Nearly everyone knows about US Airways Capt. Chesley “Sully” Sullenberger and his “Miracle on the Hudson.” On Jan. 15, 2009, Sully landed his Airbus 320 in New York City’s Hudson River after a flock of birds disabled both engines; all 155 people — or “souls” as Sully calls them — aboard survived. Sully refused to leave his aircraft until all passengers and crew had disembarked. Who better to play this true hero, this cool-under-pressure John Wayne of the skies, than tried-and-true everyman Tom Hanks? Like his past unassuming-hero roles, Hanks is born to play Sully. From the snow-white hair, matching moustache and humble demeanor, Hanks embodies his character. And Clint Eastwood, no stranger to making movies about heroic men, a la “American Sniper,” is an equally perfect fit in the director’s chair. I foresee Oscar nominations for both men.

At 86, Eastwood has still got it. The film takes flight from the moment it opens to reveal dramatic shots of a distressed aircraft plunging amidst the Manhattan skyline, leaving a thick trail of gray smoke behind. It’s stunning to see, but I doubt “Sully” will ever be an in-flight offering on any airline. Catch it in theaters instead.

In a compact 91 minutes, Eastwood — working from a screenplay by Todd Komarnicki (“Perfect Stranger”) based on Sully’s memoir, “Highest Duty” — focuses less on the extraordinary “forced-water landing” and more on the ensuing federal investigation and the post-traumatic stress suffered by Sully and his co-pilot Jeff Skiles (a terrific Aaron Eckhart) after they’re grudgingly thrust into the media spotlight.

Eastwood quickly reaches cruising altitude, as he effectively oscillates between present day and flashbacks to the pinpoint landing. He shows the events from the perspectives of not just Sully, but also the passengers, first responders, and an air traffic controller. His storytelling technique infuses loads of humanity into what could have been a vanilla re-enactment. Even though we see the landing multiple times, it’s done from the perspective of various characters. We might know the happy outcome from the get-go, but we still “brace for impact.” That’s a credit to Eastwood — and his excellent cast, which also includes Laura Linney as Sully’s wife. She doesn’t really have much to do, but that’s just a minor quibble in a movie that held me riveted and breathless. It’s tense, but not without moments of welcome levity. Like the drink a city bar calls the Sully — Grey Goose with a splash of water.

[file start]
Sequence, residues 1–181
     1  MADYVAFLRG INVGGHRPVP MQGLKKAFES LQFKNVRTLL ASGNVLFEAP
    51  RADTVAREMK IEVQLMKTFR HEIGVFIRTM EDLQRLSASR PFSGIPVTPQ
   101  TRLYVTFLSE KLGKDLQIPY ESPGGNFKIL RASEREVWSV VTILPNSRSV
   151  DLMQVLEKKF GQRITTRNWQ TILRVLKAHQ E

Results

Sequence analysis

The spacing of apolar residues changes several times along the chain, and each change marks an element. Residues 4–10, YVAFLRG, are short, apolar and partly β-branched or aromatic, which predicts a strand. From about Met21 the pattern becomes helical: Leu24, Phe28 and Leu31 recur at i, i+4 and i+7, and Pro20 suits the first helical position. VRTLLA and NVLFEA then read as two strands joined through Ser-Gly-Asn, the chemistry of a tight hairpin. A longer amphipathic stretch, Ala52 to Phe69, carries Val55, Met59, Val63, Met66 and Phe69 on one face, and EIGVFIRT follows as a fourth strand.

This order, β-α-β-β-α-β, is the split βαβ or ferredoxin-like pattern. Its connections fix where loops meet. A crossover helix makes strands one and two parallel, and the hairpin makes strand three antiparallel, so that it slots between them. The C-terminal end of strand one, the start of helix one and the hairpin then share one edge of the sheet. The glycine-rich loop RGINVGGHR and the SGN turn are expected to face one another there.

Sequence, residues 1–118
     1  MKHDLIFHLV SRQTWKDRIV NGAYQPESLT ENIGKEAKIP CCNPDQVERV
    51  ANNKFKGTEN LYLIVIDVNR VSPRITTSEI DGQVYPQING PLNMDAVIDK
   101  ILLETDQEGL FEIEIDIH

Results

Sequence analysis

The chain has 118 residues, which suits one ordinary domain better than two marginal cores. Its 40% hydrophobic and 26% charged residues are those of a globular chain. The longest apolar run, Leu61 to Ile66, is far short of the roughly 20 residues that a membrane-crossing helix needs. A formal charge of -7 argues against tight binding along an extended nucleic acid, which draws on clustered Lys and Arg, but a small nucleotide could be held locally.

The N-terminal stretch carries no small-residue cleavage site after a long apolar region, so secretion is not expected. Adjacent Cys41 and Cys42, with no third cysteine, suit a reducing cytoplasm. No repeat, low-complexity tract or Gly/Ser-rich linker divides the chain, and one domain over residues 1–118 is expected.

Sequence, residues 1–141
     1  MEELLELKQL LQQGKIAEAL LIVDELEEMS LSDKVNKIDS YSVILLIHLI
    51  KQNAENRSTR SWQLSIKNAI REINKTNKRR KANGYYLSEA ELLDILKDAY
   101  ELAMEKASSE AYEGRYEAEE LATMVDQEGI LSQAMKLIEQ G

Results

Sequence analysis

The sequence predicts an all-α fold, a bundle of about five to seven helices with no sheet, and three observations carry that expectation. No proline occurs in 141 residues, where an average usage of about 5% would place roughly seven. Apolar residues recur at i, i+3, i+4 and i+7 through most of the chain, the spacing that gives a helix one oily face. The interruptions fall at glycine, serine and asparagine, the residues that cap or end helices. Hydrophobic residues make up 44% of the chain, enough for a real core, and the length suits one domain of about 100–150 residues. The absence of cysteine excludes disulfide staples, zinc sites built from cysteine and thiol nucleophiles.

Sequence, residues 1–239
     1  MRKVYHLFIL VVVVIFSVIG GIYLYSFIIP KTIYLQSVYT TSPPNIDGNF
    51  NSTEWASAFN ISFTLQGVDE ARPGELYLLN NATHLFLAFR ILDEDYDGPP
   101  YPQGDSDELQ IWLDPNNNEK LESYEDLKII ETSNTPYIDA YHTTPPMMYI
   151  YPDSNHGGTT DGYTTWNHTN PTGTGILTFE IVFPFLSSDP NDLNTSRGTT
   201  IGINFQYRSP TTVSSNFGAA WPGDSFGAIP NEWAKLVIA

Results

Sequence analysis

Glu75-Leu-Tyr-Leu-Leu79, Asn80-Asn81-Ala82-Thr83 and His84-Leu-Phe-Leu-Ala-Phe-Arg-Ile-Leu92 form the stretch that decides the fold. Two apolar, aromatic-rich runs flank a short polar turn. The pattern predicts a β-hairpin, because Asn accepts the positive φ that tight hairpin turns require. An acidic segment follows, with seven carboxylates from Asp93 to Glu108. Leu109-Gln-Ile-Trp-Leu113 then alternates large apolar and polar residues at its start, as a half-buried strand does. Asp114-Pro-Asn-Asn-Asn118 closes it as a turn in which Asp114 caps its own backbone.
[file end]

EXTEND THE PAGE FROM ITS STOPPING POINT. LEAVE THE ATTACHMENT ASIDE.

Wrapped around the fateful day is the National Transportation Safety Board’s “human performance investigation” in which officials (Mike O’Malley, Anna Gunn, Jamey Sheridan) question the decisions of Sully and Skiles, criticize their actions and ask such personal questions such as: “When was your last drink?” or, “Are you having problems at home?” The blowback is intense, with a lot at stake, like jobs, pensions, reputations, insurance pay outs. No one seems to care that Sully and Skiles have frayed nerves and can’t sleep. The big question is why the pilots didn’t try to make it back to LaGuardia or attempt to land at nearby Teterboro? Multiple computer simulations indicate the aircraft could have landed safely at either airport. As Sully points out, the investigators “take all the humanity out of the cockpit.” And Eastwood and Hanks put all the pathos back in. They are the wind beneath “Sully’s” wings.

— Dana Barbuto may be reached at dbarbuto@ledger.com or follow her on Twitter @dbarbuto_Ledger.

“Sully”
Cast includes Tom Hanks, Laura Linney, Aaron Eckhart, Sam Huntington, Mike O’Malley, Anna Gunn.
(PG-13 for some peril and brief strong language.)
Grade: A-